Tourists stung by poisonous jellyfish in Thailand | DW Travel | DW | 20.02.2018
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Tourists stung by poisonous jellyfish in Thailand

Twenty-three tourists have been stung by poisonous jellyfish on a beach in the southern Thai province of Songkhla in recent days, officials told on Tuesday.

The tourists were sent to local hospitals in Songkhla, 950 kilometres south of Bangkok, after being stung by blue bottle jellyfish, which had infested Samila beach, between Saturday and Monday, said Uthitsak Rirattanakul, a doctor at Songkhla's Public Health Office. All of the tourists are Thai nationals. Two of them experienced breathing problems, while the rest, including a 1-year-old child, suffered painful red welts on their skin, Uthitsak said. "Everyone has already been discharged from the hospital. The jellyfish is not fatal," he added.

Global Ideas England Sturm Ophelia spült giftige Quallen an Land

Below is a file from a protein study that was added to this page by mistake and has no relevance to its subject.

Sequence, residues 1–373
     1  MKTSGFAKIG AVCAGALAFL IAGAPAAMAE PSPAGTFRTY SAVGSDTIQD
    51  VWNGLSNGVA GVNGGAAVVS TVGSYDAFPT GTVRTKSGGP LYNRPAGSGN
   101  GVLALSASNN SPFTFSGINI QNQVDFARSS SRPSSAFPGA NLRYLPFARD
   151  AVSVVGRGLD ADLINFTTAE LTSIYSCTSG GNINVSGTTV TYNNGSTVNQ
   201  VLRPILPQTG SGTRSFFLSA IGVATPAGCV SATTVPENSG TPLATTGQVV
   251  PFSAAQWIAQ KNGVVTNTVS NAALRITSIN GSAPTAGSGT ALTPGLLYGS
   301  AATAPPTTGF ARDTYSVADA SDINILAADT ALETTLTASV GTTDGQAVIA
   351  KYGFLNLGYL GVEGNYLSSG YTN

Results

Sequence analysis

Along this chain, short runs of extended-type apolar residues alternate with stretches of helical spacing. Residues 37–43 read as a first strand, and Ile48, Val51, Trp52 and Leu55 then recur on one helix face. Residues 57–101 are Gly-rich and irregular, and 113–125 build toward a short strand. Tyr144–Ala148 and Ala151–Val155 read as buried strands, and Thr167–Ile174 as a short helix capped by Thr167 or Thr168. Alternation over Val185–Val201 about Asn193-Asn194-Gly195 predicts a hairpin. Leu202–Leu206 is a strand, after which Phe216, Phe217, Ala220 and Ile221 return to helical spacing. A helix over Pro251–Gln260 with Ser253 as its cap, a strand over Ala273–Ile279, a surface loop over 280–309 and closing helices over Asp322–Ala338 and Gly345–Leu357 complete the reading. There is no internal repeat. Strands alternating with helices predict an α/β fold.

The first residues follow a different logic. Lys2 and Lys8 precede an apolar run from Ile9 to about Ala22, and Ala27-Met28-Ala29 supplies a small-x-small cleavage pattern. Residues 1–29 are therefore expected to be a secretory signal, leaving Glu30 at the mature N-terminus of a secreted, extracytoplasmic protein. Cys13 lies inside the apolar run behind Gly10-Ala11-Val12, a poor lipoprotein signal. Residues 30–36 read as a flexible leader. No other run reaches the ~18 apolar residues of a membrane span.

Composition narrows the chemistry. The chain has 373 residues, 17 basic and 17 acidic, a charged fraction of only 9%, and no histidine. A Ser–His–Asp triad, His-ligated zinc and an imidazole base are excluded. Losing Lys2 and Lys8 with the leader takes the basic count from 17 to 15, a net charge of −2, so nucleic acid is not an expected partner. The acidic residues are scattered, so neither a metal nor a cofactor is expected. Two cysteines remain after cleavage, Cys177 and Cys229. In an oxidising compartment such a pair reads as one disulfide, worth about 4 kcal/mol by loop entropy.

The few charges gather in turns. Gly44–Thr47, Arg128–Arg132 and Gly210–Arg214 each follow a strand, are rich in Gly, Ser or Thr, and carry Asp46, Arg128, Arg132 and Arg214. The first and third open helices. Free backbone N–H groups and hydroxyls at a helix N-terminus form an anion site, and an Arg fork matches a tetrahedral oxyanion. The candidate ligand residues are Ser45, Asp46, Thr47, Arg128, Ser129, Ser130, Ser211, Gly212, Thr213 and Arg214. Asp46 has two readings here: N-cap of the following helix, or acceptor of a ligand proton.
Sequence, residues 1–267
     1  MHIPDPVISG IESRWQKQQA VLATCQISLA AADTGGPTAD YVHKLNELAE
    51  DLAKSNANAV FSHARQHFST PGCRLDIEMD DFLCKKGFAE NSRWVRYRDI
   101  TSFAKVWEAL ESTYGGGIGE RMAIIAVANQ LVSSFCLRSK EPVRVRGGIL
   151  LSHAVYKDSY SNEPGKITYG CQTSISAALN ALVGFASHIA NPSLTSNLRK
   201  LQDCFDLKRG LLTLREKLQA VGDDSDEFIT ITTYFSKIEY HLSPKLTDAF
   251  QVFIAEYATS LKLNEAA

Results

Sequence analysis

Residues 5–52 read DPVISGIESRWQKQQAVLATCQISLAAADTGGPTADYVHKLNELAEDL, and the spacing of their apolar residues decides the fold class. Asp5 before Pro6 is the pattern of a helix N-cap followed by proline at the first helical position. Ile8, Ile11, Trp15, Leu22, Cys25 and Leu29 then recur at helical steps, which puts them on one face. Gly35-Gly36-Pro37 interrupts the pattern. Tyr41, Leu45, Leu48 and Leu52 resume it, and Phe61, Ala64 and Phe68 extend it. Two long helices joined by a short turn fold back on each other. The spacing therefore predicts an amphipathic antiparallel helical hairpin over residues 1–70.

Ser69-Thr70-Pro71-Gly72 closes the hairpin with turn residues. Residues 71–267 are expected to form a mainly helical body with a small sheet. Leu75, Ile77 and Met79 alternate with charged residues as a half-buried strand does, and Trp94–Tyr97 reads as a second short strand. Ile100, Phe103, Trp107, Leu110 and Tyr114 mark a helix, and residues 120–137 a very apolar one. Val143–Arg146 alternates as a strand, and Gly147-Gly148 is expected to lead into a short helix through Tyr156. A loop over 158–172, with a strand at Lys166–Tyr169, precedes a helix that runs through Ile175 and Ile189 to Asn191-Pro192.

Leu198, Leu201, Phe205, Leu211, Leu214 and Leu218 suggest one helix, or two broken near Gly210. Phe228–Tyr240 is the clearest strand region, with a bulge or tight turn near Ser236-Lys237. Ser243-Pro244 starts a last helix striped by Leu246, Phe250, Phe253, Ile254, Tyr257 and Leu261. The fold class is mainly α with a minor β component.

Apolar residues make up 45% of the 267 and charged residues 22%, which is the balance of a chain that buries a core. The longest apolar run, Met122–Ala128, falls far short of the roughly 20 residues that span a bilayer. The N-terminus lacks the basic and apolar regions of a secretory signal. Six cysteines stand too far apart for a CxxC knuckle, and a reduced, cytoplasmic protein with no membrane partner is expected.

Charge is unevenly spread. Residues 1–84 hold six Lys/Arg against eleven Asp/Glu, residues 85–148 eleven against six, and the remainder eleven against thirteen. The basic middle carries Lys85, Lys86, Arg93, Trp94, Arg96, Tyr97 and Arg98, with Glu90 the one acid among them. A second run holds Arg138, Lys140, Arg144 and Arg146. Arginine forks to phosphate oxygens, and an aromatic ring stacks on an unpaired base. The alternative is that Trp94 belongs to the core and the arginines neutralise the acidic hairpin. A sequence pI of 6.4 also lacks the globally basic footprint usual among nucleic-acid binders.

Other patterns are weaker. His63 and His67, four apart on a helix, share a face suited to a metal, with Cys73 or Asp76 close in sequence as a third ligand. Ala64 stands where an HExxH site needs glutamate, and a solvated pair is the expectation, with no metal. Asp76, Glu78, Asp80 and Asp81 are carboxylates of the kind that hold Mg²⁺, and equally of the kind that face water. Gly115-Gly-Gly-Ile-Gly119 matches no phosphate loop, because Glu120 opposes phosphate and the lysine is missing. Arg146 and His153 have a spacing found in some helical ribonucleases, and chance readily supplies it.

Poisonous jellyfish

Blue bottle jellyfish, also known as Portuguese man o' war, is known for its long blue venomous tentacles. The species lives in the surface of the sea and are found in the Atlantic, Indian and Pacific Oceans.

Up to 10 jellyfish were still on the beach as of Tuesday. Signs have already been put up on the beach to warning people that swimming is banned, according to Uthitsak. "This is the first time in many years I have seen this many jellyfish," he said.

Qualle Portugiesische Galeere

Portuguese man o' war jellyfish drifting on the surface of the ocean

The Department of Fisheries attributed the infestation to the current stormy season, which has swept the jellyfish from the north of the Gulf of Thailand. Songkhla is located on the opposite side of better known tourist hotspots, Phuket and Krabi, facing the Andaman Sea.

In 2015, a German tourist was killed by a box jellyfish, one of the world's deadliest species, on the southern island of Koh Samui.

is/ks (dpa)

Jellyfish have a bad rep. Most people are disgusted by or even afraid of them. But the squishy sea-dwellers are beautiful creatures - who don't even need a brain to gracefully float through the seas.